In technology stocks, Enphase Energy Inc (ENPH) declined 3.04%, NVIDIA Corp (NVDA) fell 1.89%, and Adobe Inc. (ADBE) declined 1.48%. Accenture plc (ACN) shed 1.20%, and Inc. (CRM) gained 2.47%.

In the energy sector, ConocoPhillips (COP) rose 2.43%, EOG Resources Inc. (EOG) gained 2.45%, and Baker Hughes Co (BKR) gained 1.25%. Hess Corporation (HES) and Pioneer Natural Resources Company (PXD) advanced 1.10 and 3.21%, respectively.

In the crypto market, prices tumbled after the Central Bank of China declared crypto transactions illegal. Bitcoin (BTC) fell 5.49%, Ethereum (ETH) fell 7.74%, and Dogecoin (DOGE) declined 6.82%.

Also read: With chipmakers in the spotlight, here’s a peek at five of them

Also read: Top five communication stocks that rode the Q2 rebound

Six of the 11 segments of the S&P 500 index stayed in the green.

Also read: Why are Salesforce (CRM), Affirm (AFRM) stocks in limelight today?

 Futures & Commodities

Gold futures were up 0.03% to US$1,750.40 per ounce. Silver decreased by 1.21% to US$22.405 per ounce, while copper rose 1.20% to US$4.2817.

Brent oil futures increased by 1.04% to US$78.05 per barrel and WTI crude was up 0.93% to US$73.98.

Also Read: In the Spotlight: Top 50 US startups in 2021

Bond Market

The 30-year Treasury bond yields was up 3.15% to 1.985, while the 10-year bond yields rose 3.02% to 1.453.

US Dollar Futures Index increased by 0.27% to US$93.278.

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China Is Responsible For More Than A Third Of World GDP Growth – This Is A Problem

China Is Responsible For More Than A Third Of World GDP Growth – This Is A Problem

As Deutsche Bank’s FX strategist George Saravelos writes…

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China Is Responsible For More Than A Third Of World GDP Growth - This Is A Problem

As Deutsche Bank's FX strategist George Saravelos writes in a recent research report he has been "on the pessimistic side of the reflation narrative for some time now."

In the note titled "three charts for pessimists", he admits that there are many more things happening to the global economy than easy fiscal and monetary policy, including a large negative supply-shock, in turn leading to sizeable demand destruction; stronger than expected precautionary saving behavior from consumers pushing down r*; and massive structural economic change on the back of COVID-led digitization across multiple sectors. And now we have to add China to the mix.

His first chart below highlights a simple observation: China has been acting as a massive global growth turbocharge since the start of the century, and is responsible for more than a third of world GDP growth. As Saravelos gloomily notes, "systemic risks of the unfolding property developer crisis aside, if the last few months experience are signaling a regime break in Chinese tolerance for what authorities have termed "low quality" growth, the world should take notice."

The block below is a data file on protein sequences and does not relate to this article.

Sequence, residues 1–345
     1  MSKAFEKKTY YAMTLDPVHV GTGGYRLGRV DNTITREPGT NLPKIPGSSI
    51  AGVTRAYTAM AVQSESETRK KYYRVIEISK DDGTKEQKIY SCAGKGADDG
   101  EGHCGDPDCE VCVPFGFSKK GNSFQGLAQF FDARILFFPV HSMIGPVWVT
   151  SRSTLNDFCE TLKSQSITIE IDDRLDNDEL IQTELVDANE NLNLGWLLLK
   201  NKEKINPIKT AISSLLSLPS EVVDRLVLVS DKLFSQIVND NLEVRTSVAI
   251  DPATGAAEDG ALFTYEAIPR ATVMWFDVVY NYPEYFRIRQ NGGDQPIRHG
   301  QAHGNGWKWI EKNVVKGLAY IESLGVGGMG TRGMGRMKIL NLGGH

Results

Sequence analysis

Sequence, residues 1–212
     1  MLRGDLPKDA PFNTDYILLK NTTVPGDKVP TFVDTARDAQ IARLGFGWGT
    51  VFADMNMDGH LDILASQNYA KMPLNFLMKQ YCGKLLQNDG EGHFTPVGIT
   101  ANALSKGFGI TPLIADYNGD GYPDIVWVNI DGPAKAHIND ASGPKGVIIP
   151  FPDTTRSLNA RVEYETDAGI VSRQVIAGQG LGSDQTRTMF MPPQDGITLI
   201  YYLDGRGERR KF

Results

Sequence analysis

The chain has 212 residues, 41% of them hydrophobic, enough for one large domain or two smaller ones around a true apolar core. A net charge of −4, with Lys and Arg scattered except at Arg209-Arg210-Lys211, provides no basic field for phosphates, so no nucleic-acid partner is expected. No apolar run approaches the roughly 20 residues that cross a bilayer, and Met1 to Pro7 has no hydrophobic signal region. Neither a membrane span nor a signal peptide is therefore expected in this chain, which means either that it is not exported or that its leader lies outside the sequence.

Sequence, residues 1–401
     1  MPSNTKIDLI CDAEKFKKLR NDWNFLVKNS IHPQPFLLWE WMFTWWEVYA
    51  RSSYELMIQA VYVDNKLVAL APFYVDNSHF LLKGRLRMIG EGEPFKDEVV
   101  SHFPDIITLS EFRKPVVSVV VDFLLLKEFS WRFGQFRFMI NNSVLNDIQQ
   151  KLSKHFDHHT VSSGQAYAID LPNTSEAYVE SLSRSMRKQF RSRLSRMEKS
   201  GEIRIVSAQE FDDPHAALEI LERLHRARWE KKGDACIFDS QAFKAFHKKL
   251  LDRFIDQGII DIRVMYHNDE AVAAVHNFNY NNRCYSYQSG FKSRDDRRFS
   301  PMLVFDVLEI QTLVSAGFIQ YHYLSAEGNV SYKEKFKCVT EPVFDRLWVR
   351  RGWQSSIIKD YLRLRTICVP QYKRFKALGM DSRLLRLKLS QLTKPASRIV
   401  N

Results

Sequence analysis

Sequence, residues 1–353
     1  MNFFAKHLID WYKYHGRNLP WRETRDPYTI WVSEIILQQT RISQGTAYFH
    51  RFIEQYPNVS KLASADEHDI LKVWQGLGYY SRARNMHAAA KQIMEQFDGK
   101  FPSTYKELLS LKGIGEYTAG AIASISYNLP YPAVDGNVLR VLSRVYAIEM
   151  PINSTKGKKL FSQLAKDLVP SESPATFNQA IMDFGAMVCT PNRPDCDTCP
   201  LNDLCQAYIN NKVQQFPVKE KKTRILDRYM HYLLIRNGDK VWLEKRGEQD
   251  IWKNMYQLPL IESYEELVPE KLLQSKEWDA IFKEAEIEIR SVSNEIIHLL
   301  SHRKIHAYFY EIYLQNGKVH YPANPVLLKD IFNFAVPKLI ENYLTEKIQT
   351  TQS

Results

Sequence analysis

Back to the developed world, Saravelos' second chart shows there is still a massive hole in the UK labor market. Total hours worked are a whopping near-10% below trend compared to pre-COVID. Yet the market is now fully pricing a Bank of England rate hike early next year. For sure, wages are rising, but as a recent IFS study showed there are still massive disruptions in the UK labor market. It will take a brave central bank to hike in to such a hole. Even if it does, it is hardly positive for the currency.

Finally, there are two parallel universes. The global goods sector is overheated. Look no further than US consumption, which is half a trillion dollars above trend. But the US services sector is twice as large and half a trillion below trend. The analytical value of aggregate GDP metrics is severely lessened in the presence of such massive sectoral dislocations. In recent months, the goods sector has started decelerating faster than the services sector has quickened. How the consumer rebalances spending in coming months will be very important.

We are only at the very beginning of trying to understand the true post-COVID steady state, it will be a long ride.

Tyler Durden Fri, 09/24/2021 - 20:20
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Finally The Taper Tantrum, Or What’s Wrong With August?

If you’re fortunate to be able to do this long enough, you’re absolutely assured to get caught with your pants down and almost certainly more than once….

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If you’re fortunate to be able to do this long enough, you’re absolutely assured to get caught with your pants down and almost certainly more than once. In the short run, it’s all a crapshoot anyway. Markets fluctuate and never, ever go in a straight line. And just when you claim to be right on top, they yank the rug right out from under your conceit(s).

I’ve spent the past few weeks, really months pointing out how Federal Reserve policymakers via their compliant media hasn’t been able to provoke anything out of bonds. Not for lack of trying. Zilch. Nada. Forget tantrum, a whole lot of nothing even though taper – we’re always told – would spell the death of the bond “bull.” I’ve been almost gleefully highlighting how this policy farce has been greeted as a complete non-issue across all of those markets.